Voice dictation is here!
Finally, I have also long wondered why you can dictate text on Windows 10 Mobile, but not on the desktop. That’s over! You can either tap the dictation microphone icon on the on-screen keyboard, or else just type WIN+H to begin dictating.
A number of associated commands (“delete last three words,” “clear selection,” “go to the end of paragraph”) are also available. It’s not clear how much text you can input at any one time, however.
Emoji shortcuts for desktop, plus the Word Flow keyboard
With Build 16215, Microsoft has ported its mobile Word Flow on-screen keyboard over to the Windows 10 desktop, with text prediction, shape or “swipe” writing, and even a one-handed keyboard. No, that doesn’t mean text prediction is coming to your hardware keyboard. (Why not?)
Also if you have a hardware keyboard on a laptop or desktop, you can now type WIN + the period or semicolon key to launch a new emoji panel—just like on your mobile phone!
Where’s my Pen?
I have long complained (as have others, apparently) that the magnetic clasp holding a Surface Pen to a Surface tablet simply doesn’t cut it. Though the Surface team still hasn’t solved the problem, there’s a workaround of sorts: Find My Pen.
While your Pen doesn’t have a GPS inside it, Windows will now keep track of the last location you inked from. That still won’t help you locate it within the dark crevices of your backpack, but it’s a start.
Smarter detection of photos, videos and movies
We’ve come to accept the need to explicitly inform Windows of the folders housing your photos, music, and movies. Thank goodness that appears to be over. Now, Windows will intelligently scan your hard drive for relevant media folders you might want to include—but will give you the option to include them before it does, just in case you have something you don’t want to add to Photos.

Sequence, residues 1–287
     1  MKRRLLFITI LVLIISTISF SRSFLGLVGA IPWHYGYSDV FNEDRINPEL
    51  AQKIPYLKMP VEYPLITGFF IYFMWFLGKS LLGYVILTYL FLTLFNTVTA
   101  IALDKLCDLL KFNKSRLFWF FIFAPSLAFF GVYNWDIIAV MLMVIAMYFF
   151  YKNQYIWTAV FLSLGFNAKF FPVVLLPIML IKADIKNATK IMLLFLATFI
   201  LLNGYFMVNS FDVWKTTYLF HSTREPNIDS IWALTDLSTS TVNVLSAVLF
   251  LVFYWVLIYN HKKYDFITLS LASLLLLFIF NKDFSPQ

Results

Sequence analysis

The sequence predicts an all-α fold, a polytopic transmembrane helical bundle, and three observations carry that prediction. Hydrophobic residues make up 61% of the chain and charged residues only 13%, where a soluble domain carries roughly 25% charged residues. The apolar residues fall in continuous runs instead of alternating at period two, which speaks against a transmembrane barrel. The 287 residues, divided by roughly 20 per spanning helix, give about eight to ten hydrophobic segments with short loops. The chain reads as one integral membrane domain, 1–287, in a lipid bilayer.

On the other hand, if you have a folder with some photos you accidentally tucked away and forgot about, your media apps just might unearth them after all.
If you’re one of the lucky few with an HDR monitor, good news: you can now go to Settings > System > Display > HDR and advanced color settings to see more information about your monitor. And if you then visit Settings > Personalization > Video Playback, Windows will provide you with additional controls.
The Game Bar will now allow you to take screenshots of games running in HDR as well, though broadcasting in HDR over Mixer doesn’t work, yet.
Narrator: Scan Mode enabled by default
Microsoft’s assistive technology, Narrator, orally helps those with visual impairment navigate Windows. With Build 16215, Scan Mode is on by default. It allows users to move from text box to text box to input region by moving up and down using the arrow keys, and then using the Space button to interact.
Surprisingly, there’s much more than we can cover in a single post. Here are some of the odds and ends:
- My People file sharing by dragging and dropping a file on the person’s icon.
- Better facial recognition in Windows Hello.
- Wi-Fi networks now have a right-click context menu associated with them: Connect, Disconnect, etc.
- Game Mode can be turned off or on via a Game Bar button.
- You can see your machine’s battery state within a Hyper-V virtual machine.
Microsoft hasn’t announced a final release date for the Windows 10 Fall Creators Update, but this update provides a number of new reasons to download it when it arrives.